Presence and the Art of Photography

The metric for success in photography is NOT making a good picture. In fact, that may be the least of it. What I’ve been discovering this last year is that it’s far more about being present, about observing, about being a part of something much bigger than just me and my camera and my skills.

If you don’t make a substantive part of your living doing photography, then make photographs for a different reason. If you have customers, and they want something in particular, then you’re going to bring all that you have to providing that. But if you make photographs because it enables you to leave all the other things in life behind then don’t worry about what someone might think of your photographs.

Part of the discovery is that it’s not about the technical processes and practices or studied lessons in composition; it’s critical that the photographer know these things so that they are no longer something he or she thinks about. In Zen and the Art of Archery, which Minor White made all his students read (and which I highly recommend), the students practiced shooting until the mechanical aspects of archery ceased to be a subject of thought. It was only then that they could move into a space, a state of mind and spirit that made them one with the bow, the arrow, the target, and the world.

“Bow, arrow, goal and ego, all melt into one another, so that I can no longer separate them. And even the need to separate has gone. For as soon as I take the bow and shoot, everything becomes so clear and straightforward and so ridiculously simple…”

And that is how it should be when you go out with your camera. Hitting the target was not the objective. The objective is the experience; all that went into finding the subject (or having it find me if we’re to believe Minor White), getting myself, my ego, concerns about what others will think out of the way; then getting to understand, to know the subject, and finally using the camera to photograph it.

“Be still with yourself Until the object of your attention Affirms your presence” (Minor White)

Admittedly, if you’re to experience this then it presupposes that all things have life and all things are a part of a larger place, or spirit.

There are some principles to practicing photography as something more than taking a picture. Depending upon who you read or following there can be anywhere from 3 to 10. I’m just going to talk about 5 of them today; and we’ll look at some pictures while we do.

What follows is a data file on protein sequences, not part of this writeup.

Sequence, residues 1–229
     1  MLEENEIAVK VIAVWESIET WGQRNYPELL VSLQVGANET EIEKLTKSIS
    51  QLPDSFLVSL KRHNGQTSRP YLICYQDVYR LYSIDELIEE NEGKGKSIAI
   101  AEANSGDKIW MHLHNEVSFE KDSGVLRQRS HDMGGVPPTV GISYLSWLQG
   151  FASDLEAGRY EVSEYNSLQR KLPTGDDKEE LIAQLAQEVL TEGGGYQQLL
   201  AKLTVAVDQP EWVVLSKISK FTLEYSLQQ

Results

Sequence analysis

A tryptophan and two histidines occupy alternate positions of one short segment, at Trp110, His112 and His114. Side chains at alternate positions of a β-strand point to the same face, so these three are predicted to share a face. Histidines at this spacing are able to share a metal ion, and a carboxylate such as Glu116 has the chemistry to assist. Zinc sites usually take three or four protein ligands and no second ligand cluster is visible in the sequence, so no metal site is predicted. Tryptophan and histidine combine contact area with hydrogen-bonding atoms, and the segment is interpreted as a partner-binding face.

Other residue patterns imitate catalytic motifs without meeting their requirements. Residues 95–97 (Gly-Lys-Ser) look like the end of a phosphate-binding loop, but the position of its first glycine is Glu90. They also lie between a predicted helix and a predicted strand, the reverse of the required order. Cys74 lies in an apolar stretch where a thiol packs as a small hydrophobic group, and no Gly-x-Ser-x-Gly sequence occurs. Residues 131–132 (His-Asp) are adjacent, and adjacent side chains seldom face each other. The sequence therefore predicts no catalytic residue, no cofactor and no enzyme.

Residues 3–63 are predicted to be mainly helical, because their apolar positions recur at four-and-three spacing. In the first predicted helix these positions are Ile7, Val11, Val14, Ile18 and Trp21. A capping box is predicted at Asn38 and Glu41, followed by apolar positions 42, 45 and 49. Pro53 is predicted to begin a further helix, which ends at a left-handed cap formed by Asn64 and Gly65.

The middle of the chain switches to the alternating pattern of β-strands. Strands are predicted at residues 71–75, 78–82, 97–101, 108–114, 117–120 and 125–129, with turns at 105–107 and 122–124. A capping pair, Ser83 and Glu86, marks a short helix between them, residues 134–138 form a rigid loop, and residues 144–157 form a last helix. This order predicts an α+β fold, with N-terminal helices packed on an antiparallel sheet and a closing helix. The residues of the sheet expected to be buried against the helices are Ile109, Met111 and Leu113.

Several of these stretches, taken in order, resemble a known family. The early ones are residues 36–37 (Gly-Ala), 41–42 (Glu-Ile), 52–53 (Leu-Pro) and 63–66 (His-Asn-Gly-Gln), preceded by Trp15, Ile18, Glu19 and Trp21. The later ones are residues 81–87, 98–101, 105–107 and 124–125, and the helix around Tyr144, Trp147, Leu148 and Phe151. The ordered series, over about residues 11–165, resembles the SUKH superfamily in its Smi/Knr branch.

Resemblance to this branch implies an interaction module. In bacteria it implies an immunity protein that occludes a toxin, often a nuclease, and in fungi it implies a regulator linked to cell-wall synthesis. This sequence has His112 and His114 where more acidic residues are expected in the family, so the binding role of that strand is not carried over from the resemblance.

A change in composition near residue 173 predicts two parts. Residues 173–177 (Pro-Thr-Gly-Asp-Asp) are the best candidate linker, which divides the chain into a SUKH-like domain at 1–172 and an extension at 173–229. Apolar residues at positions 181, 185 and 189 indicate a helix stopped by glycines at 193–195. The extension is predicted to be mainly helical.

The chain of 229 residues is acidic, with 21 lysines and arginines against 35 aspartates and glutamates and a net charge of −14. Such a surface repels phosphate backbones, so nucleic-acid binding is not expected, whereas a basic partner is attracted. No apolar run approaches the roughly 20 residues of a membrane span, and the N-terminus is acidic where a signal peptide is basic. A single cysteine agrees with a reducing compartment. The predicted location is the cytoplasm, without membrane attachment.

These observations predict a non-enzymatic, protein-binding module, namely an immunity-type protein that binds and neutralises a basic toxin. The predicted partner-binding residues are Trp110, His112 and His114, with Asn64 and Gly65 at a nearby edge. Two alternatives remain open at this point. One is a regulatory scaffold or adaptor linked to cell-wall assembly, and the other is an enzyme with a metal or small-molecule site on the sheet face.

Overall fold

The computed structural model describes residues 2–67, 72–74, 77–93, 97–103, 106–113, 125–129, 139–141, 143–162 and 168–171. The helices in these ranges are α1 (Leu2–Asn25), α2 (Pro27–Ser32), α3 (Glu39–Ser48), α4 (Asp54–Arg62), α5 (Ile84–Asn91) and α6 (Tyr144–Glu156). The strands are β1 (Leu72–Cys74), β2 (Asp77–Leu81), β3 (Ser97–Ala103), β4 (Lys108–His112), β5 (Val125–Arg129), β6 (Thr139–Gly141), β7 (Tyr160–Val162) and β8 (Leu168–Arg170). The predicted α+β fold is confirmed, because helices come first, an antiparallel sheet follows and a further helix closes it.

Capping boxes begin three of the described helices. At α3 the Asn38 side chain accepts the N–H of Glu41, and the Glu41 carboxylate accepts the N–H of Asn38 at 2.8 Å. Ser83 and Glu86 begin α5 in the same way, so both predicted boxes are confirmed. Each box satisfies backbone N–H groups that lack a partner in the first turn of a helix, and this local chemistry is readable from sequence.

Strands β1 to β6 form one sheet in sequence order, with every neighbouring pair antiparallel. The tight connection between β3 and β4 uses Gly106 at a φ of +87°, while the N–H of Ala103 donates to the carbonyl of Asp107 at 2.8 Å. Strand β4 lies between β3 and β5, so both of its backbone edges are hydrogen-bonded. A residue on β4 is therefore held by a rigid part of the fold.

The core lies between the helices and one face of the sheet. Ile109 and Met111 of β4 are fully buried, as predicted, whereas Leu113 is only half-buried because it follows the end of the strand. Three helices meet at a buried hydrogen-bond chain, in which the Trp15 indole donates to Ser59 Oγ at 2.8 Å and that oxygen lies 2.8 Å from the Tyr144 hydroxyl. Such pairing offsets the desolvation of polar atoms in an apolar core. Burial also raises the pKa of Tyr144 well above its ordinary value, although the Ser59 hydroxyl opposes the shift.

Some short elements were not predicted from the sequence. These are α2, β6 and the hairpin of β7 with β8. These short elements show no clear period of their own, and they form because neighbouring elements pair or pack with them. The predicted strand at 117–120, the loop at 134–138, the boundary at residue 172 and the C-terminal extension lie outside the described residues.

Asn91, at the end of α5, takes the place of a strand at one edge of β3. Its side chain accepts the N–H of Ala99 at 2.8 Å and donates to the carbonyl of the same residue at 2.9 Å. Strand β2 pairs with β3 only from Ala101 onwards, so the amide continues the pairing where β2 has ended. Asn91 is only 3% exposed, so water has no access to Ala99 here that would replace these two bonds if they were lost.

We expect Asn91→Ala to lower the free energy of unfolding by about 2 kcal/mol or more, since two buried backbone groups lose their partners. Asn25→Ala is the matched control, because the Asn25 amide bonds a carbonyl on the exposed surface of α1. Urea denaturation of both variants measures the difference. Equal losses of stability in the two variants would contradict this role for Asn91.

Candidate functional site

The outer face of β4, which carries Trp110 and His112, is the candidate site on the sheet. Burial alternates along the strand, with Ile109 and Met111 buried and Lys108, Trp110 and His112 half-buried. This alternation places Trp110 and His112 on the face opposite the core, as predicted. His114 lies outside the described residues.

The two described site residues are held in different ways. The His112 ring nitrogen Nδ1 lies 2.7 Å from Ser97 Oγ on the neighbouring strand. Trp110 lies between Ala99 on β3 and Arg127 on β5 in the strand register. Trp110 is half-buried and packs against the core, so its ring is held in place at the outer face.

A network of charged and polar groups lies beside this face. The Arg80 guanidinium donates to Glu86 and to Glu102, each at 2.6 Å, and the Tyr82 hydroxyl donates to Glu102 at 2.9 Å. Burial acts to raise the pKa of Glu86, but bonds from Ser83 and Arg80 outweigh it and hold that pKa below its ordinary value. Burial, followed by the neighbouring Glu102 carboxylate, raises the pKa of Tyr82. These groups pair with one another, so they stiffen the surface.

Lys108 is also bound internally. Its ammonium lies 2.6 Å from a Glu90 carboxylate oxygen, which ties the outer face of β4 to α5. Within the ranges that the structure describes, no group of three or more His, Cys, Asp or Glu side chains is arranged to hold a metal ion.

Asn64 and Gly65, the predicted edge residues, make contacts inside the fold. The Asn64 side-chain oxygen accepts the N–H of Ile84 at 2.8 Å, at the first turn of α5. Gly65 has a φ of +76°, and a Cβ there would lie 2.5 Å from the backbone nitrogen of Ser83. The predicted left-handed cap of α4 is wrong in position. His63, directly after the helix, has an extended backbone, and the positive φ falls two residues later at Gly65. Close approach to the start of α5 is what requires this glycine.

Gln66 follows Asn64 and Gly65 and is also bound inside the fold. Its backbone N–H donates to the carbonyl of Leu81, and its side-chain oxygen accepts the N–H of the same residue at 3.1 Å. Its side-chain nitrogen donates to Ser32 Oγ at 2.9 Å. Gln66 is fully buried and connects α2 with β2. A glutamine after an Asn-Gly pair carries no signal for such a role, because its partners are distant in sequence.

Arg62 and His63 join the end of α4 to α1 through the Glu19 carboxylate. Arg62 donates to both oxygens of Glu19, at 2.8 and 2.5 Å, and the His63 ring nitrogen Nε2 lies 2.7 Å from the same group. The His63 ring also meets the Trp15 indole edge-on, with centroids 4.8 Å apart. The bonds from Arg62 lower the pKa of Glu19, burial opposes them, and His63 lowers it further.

1. It’s not about you.

You have to get free of yourself and become a part of where you are, of what you’re photographing. “Let the subject generate its own photograph. Become a camera.” Minor White

Sebastiao Salgado writes, “There comes a moment when it is no longer you who takes the photograph, but receives the way to do it quite naturally and fully.”

Cartier-Bresson writes, “I find you have to blend in like a fish in the water, you have to forget yourself.”

He expanded on that with, “I’m not responsible for my photographs. Photography is not documentary, but intuition, a poetic experience. It’s drowning yourself, dissolving yourself and then sniff, sniff, sniff – being sensitive to coincidence. You can’t go looking for it; you can’t want it, or you won’t get it. First you must lose yourself. Then it happens.”

2. You have to be receptive.

Kathryn Marx writes, “You’ve already thought about your subject and know the reason why you’ve placed yourself in a particular situation. But once you are there, you must try to empty your mind of all thought in order for you to be completely in the moment and receptive to your intuition and your surroundings. Simply react to them with uncluttered clarity.”

“For me, the creation of a photograph is experienced as a heightened emotional response, most akin to poetry and music, each image the culmination of a compelling impulse I cannot deny. Whether working with a human figure or a still life, I am deeply aware of my spiritual connection with it. In my life as in my work, I am motivated by a great yearning for balance and harmony beyond the realm of human experience, reaching for the essence of oneness with the universe.” (Ruth Bernhard, 1986)